Vapor intrusion occurs when gases or vapors from chemicals and petroleum products migrate into occupied buildings. It may be harmful for individuals to breathe indoor air that contains the vapors of these chemicals inside such buildings.
Vapor intrusion is now a standard consideration during investigations related to the Resource Conservation and Recovery Act (RCRA); Underground Storage Tanks (UST); and the Comprehensive Environmental Response, Compensation and Liability Act (CERCLA/Superfund).
Q: What health concerns are related to vapor intrusion?
A: The health risks associated with vapor intrusion vary based on the type of chemicals, the levels of the chemical found, the length of exposure and the health of the exposed individuals. At high concentrations some temporary symptoms may include eye and respiratory irritation, headaches and nausea. Over many years, low-level exposures to certain chemicals may raise the lifetime risk of some cancers or chronic diseases.
Q: How does EPA test for vapor intrusion?
A: EPA uses several testing methods, either separately or in combination with one another. Soil and ground water samples near a contaminated site are used to evaluate whether or not there is the potential for vapor intrusion. Further tests take place where vapor intrusion appears to be a possibility. Summa canisters can be used to collect samples of ambient (outdoor) air, indoor air or air from beneath the foundation of a building. Tests of the air underneath foundations are called subslab samples.EPA’s Trace Atmospheric Gas Analyzer (TAGA) Mobile Laboratory can also be used to evaluate ambient, subslab, and in-home samples on-site.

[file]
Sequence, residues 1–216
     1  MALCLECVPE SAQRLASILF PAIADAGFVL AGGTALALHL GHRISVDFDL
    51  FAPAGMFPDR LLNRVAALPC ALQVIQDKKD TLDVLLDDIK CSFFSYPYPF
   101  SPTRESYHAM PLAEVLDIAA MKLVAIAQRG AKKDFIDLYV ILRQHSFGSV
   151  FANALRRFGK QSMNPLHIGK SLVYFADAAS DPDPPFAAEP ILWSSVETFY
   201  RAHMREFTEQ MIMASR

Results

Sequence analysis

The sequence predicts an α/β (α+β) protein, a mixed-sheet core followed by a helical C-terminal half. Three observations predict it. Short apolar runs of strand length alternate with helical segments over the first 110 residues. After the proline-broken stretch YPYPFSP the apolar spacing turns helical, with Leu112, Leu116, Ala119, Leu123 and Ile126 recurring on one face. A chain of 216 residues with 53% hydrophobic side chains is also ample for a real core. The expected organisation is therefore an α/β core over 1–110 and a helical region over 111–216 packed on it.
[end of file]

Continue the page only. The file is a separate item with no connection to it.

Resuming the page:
Q: What solutions are available?
A: The most common solution is to install a mitigation system, which helps prevent vapors from entering homes. Since they are similar to radon mitigation systems, these systems provide the added benefit of preventing radon from entering the home as well. In addition, any cracks in the building foundation should be sealed to help prevent vapors from entering the home.
Q: What contaminants do vapor intrusion sites have?
A: Some of the typical organic compounds found at vapor intrusion sites include Tetrachloroethylene (PCE), Trichloroethylene (TCE), 1,1-Dichloroethane, 1,1-Dichloroethylene (1,1-DCE), 1,2-Dichloroethane (1,2-DCA), Chloroethene (vinyl chloride)
Additional information about these chemicals and other volatile organic compounds (VOCs) can be found in EPA’s Health Effects Notebook of Hazardous Air Pollutants and the Agency for Toxic Substances and Disease Registry’s (ATSDR) ToxFAQs.